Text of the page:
Tag Archives: star trek

Garden of Horrors: Rafflesia

Garden of Horrors: Rafflesia

Not sure what it says about Garden of Horrors, but we seem to feature a whole lot of parasitic plants. It’s not intentional. Perhaps it’s a nature vs. nurture thing—maybe if they weren’t so disgusting these plants wouldn’t become parasites! You know? Maybe if they had gone to college, bought a house, and settled down, things would have turned out differently! You ever thought about THAT plants?

Ahem—regardless of the reasoning, today’s featured plant is one I’m sure many of you expected to see sooner or later. After all, it looks like a cheesy prop from the Star Trek: The Original Series and it smells like rotten meat. That’s right; we’re looking at the Rafflesia more commonly known as the carrion flower or corpse lily.

"Rafflesia keithii" by Mike Prince
Rafflesia keithii by Mike Prince, 2014

The Rafflesia (technically a family of twenty-eight distinct species) is often called “Queen of the Parasites.” It’s such a parasite that you can’t see anything other than its goofy-ass blossom. There are no leaves. No roots. The rest of the plant—mostly made up of the rootlike haustorium—spreads like a creeper through the tissue of its host vine. There it gathers the nutrients needed to grow its enormous fleshy flower.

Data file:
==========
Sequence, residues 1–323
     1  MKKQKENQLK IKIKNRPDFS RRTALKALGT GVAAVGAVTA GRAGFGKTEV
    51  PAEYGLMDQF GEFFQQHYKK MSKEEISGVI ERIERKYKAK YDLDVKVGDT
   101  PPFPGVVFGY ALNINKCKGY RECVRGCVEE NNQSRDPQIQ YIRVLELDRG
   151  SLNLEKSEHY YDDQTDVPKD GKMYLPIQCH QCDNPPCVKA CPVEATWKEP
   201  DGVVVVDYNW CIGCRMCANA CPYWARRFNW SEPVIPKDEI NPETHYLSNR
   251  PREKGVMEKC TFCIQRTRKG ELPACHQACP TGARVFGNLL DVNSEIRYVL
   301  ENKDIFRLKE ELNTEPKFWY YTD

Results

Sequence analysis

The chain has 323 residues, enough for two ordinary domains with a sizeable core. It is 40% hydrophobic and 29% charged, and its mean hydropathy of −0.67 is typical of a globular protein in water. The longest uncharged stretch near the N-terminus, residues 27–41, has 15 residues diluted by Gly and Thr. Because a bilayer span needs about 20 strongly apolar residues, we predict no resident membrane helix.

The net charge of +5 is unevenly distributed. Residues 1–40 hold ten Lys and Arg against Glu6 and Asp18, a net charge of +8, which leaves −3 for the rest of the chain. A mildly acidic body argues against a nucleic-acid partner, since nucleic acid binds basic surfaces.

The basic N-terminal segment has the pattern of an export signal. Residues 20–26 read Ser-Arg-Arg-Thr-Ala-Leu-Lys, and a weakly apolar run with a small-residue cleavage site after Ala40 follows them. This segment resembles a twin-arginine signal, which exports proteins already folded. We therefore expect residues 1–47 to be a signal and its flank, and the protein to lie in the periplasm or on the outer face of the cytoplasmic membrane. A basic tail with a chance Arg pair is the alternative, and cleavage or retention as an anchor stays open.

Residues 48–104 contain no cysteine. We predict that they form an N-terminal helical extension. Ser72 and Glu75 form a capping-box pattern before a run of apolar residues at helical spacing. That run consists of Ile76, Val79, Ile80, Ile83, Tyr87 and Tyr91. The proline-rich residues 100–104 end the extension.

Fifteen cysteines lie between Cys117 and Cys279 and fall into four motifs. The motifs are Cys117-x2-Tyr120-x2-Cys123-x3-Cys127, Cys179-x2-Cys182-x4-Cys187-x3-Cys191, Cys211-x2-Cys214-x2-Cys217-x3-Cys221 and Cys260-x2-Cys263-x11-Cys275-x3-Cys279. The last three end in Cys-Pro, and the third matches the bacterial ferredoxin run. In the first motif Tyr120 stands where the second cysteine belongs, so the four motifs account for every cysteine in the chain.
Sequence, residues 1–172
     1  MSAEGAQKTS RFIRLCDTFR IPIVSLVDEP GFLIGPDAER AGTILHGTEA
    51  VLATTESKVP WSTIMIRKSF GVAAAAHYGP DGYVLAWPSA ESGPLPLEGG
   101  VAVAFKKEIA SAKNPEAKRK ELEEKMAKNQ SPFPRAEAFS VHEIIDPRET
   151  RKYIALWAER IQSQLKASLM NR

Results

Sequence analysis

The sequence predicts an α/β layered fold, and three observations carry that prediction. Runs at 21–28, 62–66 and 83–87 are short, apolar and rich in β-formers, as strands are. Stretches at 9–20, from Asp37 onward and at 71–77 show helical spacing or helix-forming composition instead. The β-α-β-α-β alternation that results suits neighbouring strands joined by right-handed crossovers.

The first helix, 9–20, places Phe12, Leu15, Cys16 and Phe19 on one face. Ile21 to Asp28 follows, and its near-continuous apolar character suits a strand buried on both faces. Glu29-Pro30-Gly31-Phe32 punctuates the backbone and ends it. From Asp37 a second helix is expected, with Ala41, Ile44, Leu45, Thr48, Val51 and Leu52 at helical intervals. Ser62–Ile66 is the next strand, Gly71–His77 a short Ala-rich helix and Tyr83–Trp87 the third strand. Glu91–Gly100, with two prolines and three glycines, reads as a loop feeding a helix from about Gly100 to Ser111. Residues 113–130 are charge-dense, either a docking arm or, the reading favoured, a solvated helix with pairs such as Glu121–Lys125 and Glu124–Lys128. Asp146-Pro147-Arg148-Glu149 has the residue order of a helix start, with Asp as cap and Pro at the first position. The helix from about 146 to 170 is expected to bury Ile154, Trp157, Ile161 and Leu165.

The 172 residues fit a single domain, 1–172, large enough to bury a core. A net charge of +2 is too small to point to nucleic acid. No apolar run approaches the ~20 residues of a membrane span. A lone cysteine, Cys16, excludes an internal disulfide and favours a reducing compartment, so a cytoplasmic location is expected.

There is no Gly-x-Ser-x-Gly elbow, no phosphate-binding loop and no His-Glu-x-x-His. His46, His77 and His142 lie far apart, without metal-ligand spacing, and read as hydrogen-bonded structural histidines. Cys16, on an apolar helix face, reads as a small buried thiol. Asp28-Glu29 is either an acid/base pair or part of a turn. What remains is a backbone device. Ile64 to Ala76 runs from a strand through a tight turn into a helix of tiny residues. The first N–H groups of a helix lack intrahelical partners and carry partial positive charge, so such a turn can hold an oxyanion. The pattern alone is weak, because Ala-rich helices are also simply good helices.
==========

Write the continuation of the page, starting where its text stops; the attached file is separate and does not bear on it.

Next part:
And what a flower it is. This is the largest flower on earth. Others are mere pretenders. How large is this thing? Well, this sucker can be nearly three and a half feet wide and weigh up to twenty-two pounds. “A beaut” or “an absolute unit” as they say on the farm. Across the genus, the look remains mostly the same, but the details shift. Some are wartier than others. A few wilt quicker. Others grow smaller. Some are more star-shaped. But they all have the distinctive five-petals, the fleshy look, and… oh, and the smell.

There’s a reason this is called the carrion flower. The title is more than appropriate for something so gross. Most often, the buds take months to develop, and when they blossom, they smell like rotting flesh. Neat? This Eau de mort (Yeah, okay. Look, I know that translates as “death water” but I’m trying to evoke the concept of perfume. Work with me here!) attracts carrion flies which in turn pollinate the unisexual flowers. I have to say; you need to rethink your pollination strategy if you have flies working as your go-between during sexy times.

Goofy looking, parasitic, and smells like death—I’d say this is a fitting entry into the Garden of Horrors. Thankfully, many of us will never have to smell these flowers, it’s generally found in the rainforests of Southeast Asia, and they’re rare, taking months to blossom and then lasting only a few days when they do. If you want to see what this strange flower looks like opening, I’ve embedded a video above. Silly as it is, let’s all take a moment and be thankful we can’t smell it.


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Vonda N. McIntyre

Her Own Successes

“All her life she had made her own mistakes and her own successes, both usually by trying what others said she could not do.”

Vonda N. McIntyre, Aztecs, 1977